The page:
Birenbaum-Flescher family. Collection

Language of Description
1 Jan 1925 - 31 Dec 1939
Level of Description
EHRI Partner


Biographical History

Simon Birnbaum or Birenbaum was born on 13 August 1897 in Checiny, Poland. He emigrated to Cologne, Germany, in the 1920s where he married Salka Flescher, born on 23 February 1900 in Stanislawow, Poland. Their four children were all born in Cologne: Schenja who was called Jenny on 19 April 1929, Erna who was called Esther on 8 November 1931, Joseph on 26 December 1932 and Herschel on 4 November 1936. After the Nazis rose to power, the Birnbaum family struggled. Simon owned a shoemaker’s workshop but was forced to sell his machinery one by one to provide for his family. During Kristallnacht the workshop was completely destroyed. Simon, however, was no longer there to witness the destruction. He had been expelled to Zbaszyn in Poland on 28 October 1938 during the so-called Polenaktion. Salka stayed behind in Cologne with four young children and made plans to send eldest daughter Jenny to Belgium via the Red Cross. Salka had remained in contact with her former employers, the Mayer family, who had fled to Antwerp, Belgium, and who agreed to take in Jenny. Jenny was subsequently permitted to leave Germany, but she didn’t want to go without her sister Esther. Salka then decided to send both her daughters on a Kindertransport to Belgium. Jenny and Esther arrived on 24 December 1938. Unfortunately, the Mayer family had already left for New York by that time and the Birnbaum sisters were taken in by the Lemarchand family who lived at 180 Brusselstraat in Groot-Bijgaarden who abused Jenny as a live-in maid and a cleaning lady. At the beginning of 1939 Salka decided to also send over eldest son Joseph. He was reunited with his sisters at the Lemarchand family home in Groot-Bijgaarden on 3 May 1939, while Salka kept little Herschel with her in Cologne. Jenny, Esther and Joseph still lived with the Lemarchand family when Nazi Germany invaded Belgium on 10 May 1940. On 17 May 1940 German troops occupied Groot-Bijgaarden. In the years that followed the Birnbaum children treasured the few photos they had of their parents, as well as one postcard received from their father in 1941 and one from their mother in 1942. These mementos were the last signs of life Jenny, Esther and Joseph received from their loved ones. Afraid that the photos and postcards would endanger her family, misses Lemarchand forced Jenny to tear up all the items. Jenny could only save one photo of her mother, and the stamps of the postcards. In April 1942 the Lemarchand family received news that Jenny, Esther and Joseph could no longer attend their non-Jewish school. The Lemarchands then decided to split up the siblings. Esther was taken in by her literature teacher Mariette De Guchteneere and her husband Robert Duquenne who lived at Rue de l’Ascension 20 in Saint-Josse-ten-Noode, Brussels. Esther survived the war hidden at the Duquenne family home. Joseph was sent to the Jewish orphanage run by Jonas Tiefenbrunner at Rue des Patriotes 34 in Brussels. During the last weeks of the war he and the other inhabitants of the home were hidden at catholic institutes in order to avoid deportation at the last moment. Joseph was taken in by father Maurice Robinet of the Jesuit order at Rue Royale in Brussels and survived the war there. After Liberation he too was taken in by the Duquenne family in Sint-Joost-ten-Node. After being separated from her siblings Jenny remained with the Lemarchand family, functioning as their housekeeper. When the Lemarchands moved to Genval on 15 October 1943 they took the girl with them. Jenny was arrested at their home on 23 May 1944. She was denounced by a municipal clerk of Genval after picking up her ID card, issued to her on her fifteenth birthday. Jenny was deported from the Dossin barracks to Auschwitz-Birkenau via Transport XXVI on 31 July 1944, but survived and was repatriated to Belgium on 24 May 1945. She re-joined the Lemarchand family in Genval and was reunited with her brother Joseph and her sister Esther in 1946. All three Birnbaum siblings got married and built families. Jenny, Esther and Joseph Birenbaum never heard from their parents Simon and Salka or their little brother Herschel again. Salka and Herschel were deported to Poland in 1939, just like father Simon had been in October 1938. Simon, Salka and Herschel were reunited in Stanislawow, Poland, on 11 July 1939. The exact date, location and circumstances of their death remain unknown: they either perished at the Stanislawow ghetto between June 1942 and June 1943 or they were murdered in the Belzec extermination centre before April 1943.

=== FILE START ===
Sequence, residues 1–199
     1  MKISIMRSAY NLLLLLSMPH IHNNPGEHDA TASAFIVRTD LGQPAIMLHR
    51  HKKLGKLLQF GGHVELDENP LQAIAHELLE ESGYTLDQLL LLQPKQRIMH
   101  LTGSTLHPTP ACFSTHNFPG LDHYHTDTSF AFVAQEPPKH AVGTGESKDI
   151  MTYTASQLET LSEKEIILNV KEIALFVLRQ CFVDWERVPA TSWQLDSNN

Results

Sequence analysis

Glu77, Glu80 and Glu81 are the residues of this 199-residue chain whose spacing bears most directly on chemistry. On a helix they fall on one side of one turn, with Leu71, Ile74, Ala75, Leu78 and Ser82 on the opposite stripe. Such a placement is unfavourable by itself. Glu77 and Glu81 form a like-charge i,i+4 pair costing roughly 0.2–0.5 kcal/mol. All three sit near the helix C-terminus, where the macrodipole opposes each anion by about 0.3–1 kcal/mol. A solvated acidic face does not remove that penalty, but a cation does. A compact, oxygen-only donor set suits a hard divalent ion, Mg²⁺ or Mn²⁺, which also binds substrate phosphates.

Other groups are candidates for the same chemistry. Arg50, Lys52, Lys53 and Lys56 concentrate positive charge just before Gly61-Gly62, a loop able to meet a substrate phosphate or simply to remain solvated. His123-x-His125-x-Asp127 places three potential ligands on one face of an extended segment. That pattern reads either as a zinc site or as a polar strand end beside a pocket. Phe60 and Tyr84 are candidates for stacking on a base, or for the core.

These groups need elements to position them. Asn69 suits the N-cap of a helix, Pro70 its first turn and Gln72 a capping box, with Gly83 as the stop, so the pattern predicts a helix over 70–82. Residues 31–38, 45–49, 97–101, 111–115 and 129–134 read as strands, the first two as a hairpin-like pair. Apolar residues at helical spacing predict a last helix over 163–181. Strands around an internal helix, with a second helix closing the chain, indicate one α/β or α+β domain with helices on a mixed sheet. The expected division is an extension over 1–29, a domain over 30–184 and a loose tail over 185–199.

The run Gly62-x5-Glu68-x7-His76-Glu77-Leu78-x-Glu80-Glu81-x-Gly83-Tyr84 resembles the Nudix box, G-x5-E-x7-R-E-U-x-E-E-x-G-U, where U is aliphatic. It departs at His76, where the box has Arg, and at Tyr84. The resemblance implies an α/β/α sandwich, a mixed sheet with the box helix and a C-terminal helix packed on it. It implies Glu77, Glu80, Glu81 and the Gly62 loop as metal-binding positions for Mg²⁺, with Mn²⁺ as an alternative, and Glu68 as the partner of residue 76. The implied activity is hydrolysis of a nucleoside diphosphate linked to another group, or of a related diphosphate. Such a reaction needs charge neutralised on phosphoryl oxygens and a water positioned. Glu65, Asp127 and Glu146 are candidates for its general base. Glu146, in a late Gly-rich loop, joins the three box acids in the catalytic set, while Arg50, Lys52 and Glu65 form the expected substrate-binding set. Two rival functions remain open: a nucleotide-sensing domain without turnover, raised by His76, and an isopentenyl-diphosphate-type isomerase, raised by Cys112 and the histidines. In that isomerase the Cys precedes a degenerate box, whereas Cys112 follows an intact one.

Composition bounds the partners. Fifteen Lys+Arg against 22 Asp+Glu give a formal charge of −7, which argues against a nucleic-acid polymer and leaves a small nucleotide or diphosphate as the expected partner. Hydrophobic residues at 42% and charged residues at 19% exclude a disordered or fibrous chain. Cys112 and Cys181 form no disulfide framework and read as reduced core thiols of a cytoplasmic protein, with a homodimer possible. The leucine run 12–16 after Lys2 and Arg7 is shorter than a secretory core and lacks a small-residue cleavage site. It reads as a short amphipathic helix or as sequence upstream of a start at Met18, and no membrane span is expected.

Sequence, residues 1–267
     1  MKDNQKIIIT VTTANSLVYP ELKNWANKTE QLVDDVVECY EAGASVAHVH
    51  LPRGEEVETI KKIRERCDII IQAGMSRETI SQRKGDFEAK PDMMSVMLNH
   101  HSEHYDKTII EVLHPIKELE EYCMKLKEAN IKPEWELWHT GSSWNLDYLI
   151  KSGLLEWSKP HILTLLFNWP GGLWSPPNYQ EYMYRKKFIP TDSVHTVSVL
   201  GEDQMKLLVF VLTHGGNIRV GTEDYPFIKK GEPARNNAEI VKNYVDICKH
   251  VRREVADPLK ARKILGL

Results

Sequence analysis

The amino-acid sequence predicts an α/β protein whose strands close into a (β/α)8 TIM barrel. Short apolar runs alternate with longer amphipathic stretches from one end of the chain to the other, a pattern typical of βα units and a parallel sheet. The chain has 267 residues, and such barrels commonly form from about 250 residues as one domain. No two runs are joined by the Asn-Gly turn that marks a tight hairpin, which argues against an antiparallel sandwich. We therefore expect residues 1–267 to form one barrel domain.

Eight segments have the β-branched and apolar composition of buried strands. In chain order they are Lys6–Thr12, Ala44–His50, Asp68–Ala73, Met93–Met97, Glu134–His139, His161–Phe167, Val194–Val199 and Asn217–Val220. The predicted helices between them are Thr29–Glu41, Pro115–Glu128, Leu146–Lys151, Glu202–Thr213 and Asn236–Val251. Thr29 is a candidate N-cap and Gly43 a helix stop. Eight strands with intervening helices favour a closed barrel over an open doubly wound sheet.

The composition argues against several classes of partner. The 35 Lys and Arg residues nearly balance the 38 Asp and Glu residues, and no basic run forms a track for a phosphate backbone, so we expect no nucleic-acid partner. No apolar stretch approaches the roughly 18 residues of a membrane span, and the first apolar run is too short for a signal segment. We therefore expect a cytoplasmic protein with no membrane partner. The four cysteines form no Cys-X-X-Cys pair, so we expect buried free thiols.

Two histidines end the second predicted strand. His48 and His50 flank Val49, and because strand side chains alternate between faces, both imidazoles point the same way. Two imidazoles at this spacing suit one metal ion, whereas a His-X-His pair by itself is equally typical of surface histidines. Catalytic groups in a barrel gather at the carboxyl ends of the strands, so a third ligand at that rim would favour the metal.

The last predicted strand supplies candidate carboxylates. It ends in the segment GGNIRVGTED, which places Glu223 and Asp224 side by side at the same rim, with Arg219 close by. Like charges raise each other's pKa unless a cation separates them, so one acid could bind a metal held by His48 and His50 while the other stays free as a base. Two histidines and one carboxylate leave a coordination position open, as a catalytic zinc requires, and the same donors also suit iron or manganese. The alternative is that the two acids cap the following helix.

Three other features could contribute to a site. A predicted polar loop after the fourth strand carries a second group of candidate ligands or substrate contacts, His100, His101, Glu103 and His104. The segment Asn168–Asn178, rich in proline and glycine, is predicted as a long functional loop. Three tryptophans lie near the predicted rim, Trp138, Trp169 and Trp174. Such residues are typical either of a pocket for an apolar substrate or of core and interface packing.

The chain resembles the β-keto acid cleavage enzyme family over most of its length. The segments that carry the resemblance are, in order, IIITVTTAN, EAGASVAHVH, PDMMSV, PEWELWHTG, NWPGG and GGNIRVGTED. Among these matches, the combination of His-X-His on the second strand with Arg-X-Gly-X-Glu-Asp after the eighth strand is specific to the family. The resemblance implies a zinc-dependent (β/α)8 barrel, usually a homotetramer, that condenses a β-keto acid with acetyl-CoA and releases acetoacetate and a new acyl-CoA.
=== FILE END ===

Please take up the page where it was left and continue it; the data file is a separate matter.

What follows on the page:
Archival History

Joseph Birenbaum kindly entrusted digital copies of his family photos to the Jewish Museum of Deportation and Resistance, predecessor of Kazerne Dossin, on 12 December 2000.


Joseph Birenbaum, 2000

Scope and Content

This collection consists of a studio portrait of Salka Flescher and a casual portrait of siblings Jenny alias Schenja, Esther alias Erna and Joseph Birenbaum


No further accruals are to be expected

Conditions Governing Access

Contact Kazerne Dossin Research Centre:

Conditions Governing Reproduction

Contact Kazerne Dossin Research Centre:

Physical Characteristics and Technical Requirements

Reproductions and digital copies stored at Kazerne Dossin

Existence and Location of Originals

  • Joseph Birenbaum, Private collection, Belgium

Related Units of Description

  • Collection KD_00892 contains documents regarding the story of Jenny Birnbaum who was the eldest daughter of Simon and Salka Birnbaum-Flescher.

This description is derived directly from structured data provided to EHRI by a partner institution. This collection holding institution considers this description as an accurate reflection of the archival holdings to which it refers at the moment of data transfer.